Chloe Gray, Dating Coach
Dating apps are pretty brutal. The competition is fierce. If you’re a heterosexual man, it can be especially difficult. Unsurprisingly, height is the most common lie straight men tell on their profile.
Should You Lie About Your Height on Dating Apps?
Here’s the thing… we could get lost in a discussion about the unfairness of heightism or how it’s slowly improving (just look at how #shortking has exploded), but let’s keep this short, sweet, and actionable.
If you lie about your height on a dating app, you will likely have an increase in matches and a decrease in second dates. Instead, let’s stop chasing people who are more interested in the size of your femur than the size of your most important organ… your heart. Take a second to finish laughing at my hilarious pun and let’s teach you how to look your height in photos.
Why Being Honest About Your Height Isn’t Enough
(Perspective changes perceived height. Whaaa, they got magically taller!)
If you input your height on the app, why do you need to back it up with photos? Well, this will be a shocker… but sometimes people lie on the internet.
Unfortunately, dishonesty about height on apps has become so common that women look at your pics with a healthy dose of suspicion. If you don’t look the height you claim to be on the app, your match rate will plummet- even amongst women who don’t need you to bump into the ceiling fan to be attracted to you.
In order to increase your match rate, you must look the height you claim to be and I’m about to teach you how! The two most important aspects to consider are the environment and the camera angle.
(He looks shorter than her because of the mountains above him. She looks taller than him because the mountain is below her. In reality, he is taller than her)
The environment around you has a pretty big impact on your perceived height. Sometimes large things (say, a mountain) make everything around it look smaller (i.e. you), so here are a few guidelines to follow…
- Use a prop that most people understand the size of in order to accurately demonstrate your height
- Stand on flat or high ground
- Ensure that anyone in the background is of average height
- Check the background for anything distracting (trash, clutter, or the neighborhood dogs expressing their desire to procreate)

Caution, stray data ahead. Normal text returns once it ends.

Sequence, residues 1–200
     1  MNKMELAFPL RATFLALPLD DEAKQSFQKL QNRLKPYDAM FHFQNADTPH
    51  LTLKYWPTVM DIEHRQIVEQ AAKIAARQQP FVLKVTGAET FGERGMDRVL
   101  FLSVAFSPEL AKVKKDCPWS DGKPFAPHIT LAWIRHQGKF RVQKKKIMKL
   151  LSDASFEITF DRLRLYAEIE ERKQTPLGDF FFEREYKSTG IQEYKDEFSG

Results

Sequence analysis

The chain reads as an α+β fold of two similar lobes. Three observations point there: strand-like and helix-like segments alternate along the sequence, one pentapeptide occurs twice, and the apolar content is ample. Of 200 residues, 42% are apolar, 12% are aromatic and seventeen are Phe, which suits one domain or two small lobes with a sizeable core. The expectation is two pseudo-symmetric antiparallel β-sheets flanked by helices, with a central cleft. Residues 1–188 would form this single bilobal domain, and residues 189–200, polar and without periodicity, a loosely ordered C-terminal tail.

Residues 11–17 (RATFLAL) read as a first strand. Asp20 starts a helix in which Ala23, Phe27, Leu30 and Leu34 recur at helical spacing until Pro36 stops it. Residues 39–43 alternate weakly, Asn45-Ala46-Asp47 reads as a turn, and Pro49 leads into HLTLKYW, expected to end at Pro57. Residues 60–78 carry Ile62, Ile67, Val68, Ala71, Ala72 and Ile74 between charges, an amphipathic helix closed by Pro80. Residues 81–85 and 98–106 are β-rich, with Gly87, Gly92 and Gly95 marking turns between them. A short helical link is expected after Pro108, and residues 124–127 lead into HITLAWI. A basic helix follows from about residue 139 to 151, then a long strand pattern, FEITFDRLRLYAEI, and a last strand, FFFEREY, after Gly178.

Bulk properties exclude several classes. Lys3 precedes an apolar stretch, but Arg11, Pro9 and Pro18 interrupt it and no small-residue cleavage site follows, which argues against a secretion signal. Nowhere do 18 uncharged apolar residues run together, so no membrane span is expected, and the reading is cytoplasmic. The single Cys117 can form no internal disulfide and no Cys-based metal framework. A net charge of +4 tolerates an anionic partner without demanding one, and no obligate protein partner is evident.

- Ask an unbiased third party who doesn’t see you regularly to guess your height in the photo.
- Stand next to huge objects and/or people
- Stand next to something larger than most people would expect it to be
- Stand on low ground with high ground behind you
- Stand in a room with a high ceiling
- Stand at the bottom of a staircase or escalator
- Challenge large mammals, statues, or steep landforms to a height contest
The only thing more important than the environment when it comes to height is the camera work. The angle, height, and tilt of the camera have a huge impact on how your body will be perceived. A poorly taken photo can add extra weight, hide muscle, or make you look chinless. Right now though, we’re just going to talk about how it affects your height.
Get low: Ask the photographer to get down on one knee for your full-body shots. Ideally, your belly button should be in the vertical center of the photo (if you were to fold the photo from top to bottom, your belly should be in the horizontal crease).
Cropping: Crop anything below your feet or above your head. Your body should take up most of the vertical space in your full-body shot. I know the Eiffel Tower in the background makes you feel uber-cultured, but it’s also going to make you look much shorter than you are. We’re going for clarity above lifestyle.
Tilt: The camera should be held at a 90° angle or slightly tilted up. If the photo has even a slight downward tilt, you will appear shorter. Most of your height lives in your legs and torso and it’s extremely important to show their full size. However, we also don’t want to dramatically tilt up. It’ll add inches to your height, but it will also be pretty obvious that you’re being disingenuous.
Utilize movement: Not only will movement help your photos to look more natural and candid, but it’ll also help to show your full height. This is especially true when on sidewalks, stairs, hills, etc. If you’re looking to add half an inch, dancing or jumping works great too.
Fitted clothes: Your clothes should fit your body well. They don’t need to be tight, but baggy clothes will make your legs and torso look short and stocky. This is also true for cargo shorts with bulky pockets.
Yes, I know, we already covered this, but I’m saying it again because I know it’s a tempting option. Even on an unfair playing field, people don’t like to feel lied to– it can quickly sour a great connection.
Have you ever seen a woman’s profile where all of her photos are from the tits up, and you’d bet the family farm that she’s trying to hide her weight? That’s how she feels when you don’t look the height you’re claiming to be. It isn’t just about whether or not you’re attracted to them; it feels like manipulation.
I know lying is tempting and heightism is incredibly unfair, but let’s use radical acceptance to deal with this issue head-on instead of further sabotaging yourself. We cannot change how society treats masculine height, but we can change the quality of your profile.
Dating apps are tough because they rely on skill sets most straight dudes don’t possess. The good news is that these skills are quite teachable, and with a little bit of educated effort, you will be just fine.
If you look shorter in your photos than you do next to a stadiometer, take some time to learn how to take full-body shots that display your full glory, top to bottom. If you get stuck or feel overwhelmed, just reach out to your handy-dandy dating consultant, and I’ll get you sorted.
P.S. A stadiometer is that thing attached to the wall in your doctor’s office to measure your height. I had to look it up too.